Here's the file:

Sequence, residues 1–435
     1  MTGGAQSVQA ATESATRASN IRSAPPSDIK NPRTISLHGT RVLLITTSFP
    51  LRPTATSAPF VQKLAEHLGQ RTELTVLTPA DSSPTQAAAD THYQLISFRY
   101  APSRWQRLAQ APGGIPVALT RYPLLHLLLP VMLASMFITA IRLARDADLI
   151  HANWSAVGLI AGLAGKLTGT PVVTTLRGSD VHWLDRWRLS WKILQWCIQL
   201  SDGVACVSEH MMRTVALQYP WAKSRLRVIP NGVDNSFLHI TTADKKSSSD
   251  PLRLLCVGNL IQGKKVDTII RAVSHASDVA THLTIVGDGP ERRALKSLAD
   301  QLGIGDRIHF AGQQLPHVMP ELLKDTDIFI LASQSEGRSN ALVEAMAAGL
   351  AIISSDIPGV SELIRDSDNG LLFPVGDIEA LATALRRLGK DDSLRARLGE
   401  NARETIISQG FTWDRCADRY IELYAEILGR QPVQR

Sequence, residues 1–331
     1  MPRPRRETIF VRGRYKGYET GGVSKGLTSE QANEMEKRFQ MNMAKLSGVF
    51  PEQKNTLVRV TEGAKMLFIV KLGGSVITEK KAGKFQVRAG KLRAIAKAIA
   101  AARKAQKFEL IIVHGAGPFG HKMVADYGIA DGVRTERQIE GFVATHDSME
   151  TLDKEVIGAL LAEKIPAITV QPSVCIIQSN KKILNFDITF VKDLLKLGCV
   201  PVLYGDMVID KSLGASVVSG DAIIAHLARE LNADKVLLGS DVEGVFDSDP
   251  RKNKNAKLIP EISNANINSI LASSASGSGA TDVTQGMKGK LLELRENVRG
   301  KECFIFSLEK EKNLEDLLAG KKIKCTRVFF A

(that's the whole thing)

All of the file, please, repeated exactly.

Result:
Sequence, residues 1–435
     1  MTGGAQSVQA ATESATRASN IRSAPPSDIK NPRTISLHGT RVLLITTSFP
    51  LRPTATSAPF VQKLAEHLGQ RTELTVLTPA DSSPTQAAAD THYQLISFRY
   101  APSRWQRLAQ APGGIPVALT RYPLLHLLLP VMLASMFITA IRLARDADLI
   151  HANWSAVGLI AGLAGKLTGT PVVTTLRGSD VHWLDRWRLS WKILQWCIQL
   201  SDGVACVSEH MMRTVALQYP WAKSRLRVIP NGVDNSFLHI TTADKKSSSD
   251  PLRLLCVGNL IQGKKVDTII RAVSHASDVA THLTIVGDGP ERRALKSLAD
   301  QLGIGDRIHF AGQQLPHVMP ELLKDTDIFI LASQSEGRSN ALVEAMAAGL
   351  AIISSDIPGV SELIRDSDNG LLFPVGDIEA LATALRRLGK DDSLRARLGE
   401  NARETIISQG FTWDRCADRY IELYAEILGR QPVQR

Sequence, residues 1–331
     1  MPRPRRETIF VRGRYKGYET GGVSKGLTSE QANEMEKRFQ MNMAKLSGVF
    51  PEQKNTLVRV TEGAKMLFIV KLGGSVITEK KAGKFQVRAG KLRAIAKAIA
   101  AARKAQKFEL IIVHGAGPFG HKMVADYGIA DGVRTERQIE GFVATHDSME
   151  TLDKEVIGAL LAEKIPAITV QPSVCIIQSN KKILNFDITF VKDLLKLGCV
   201  PVLYGDMVID KSLGASVVSG DAIIAHLARE LNADKVLLGS DVEGVFDSDP
   251  RKNKNAKLIP EISNANINSI LASSASGSGA TDVTQGMKGK LLELRENVRG
   301  KECFIFSLEK EKNLEDLLAG KKIKCTRVFF A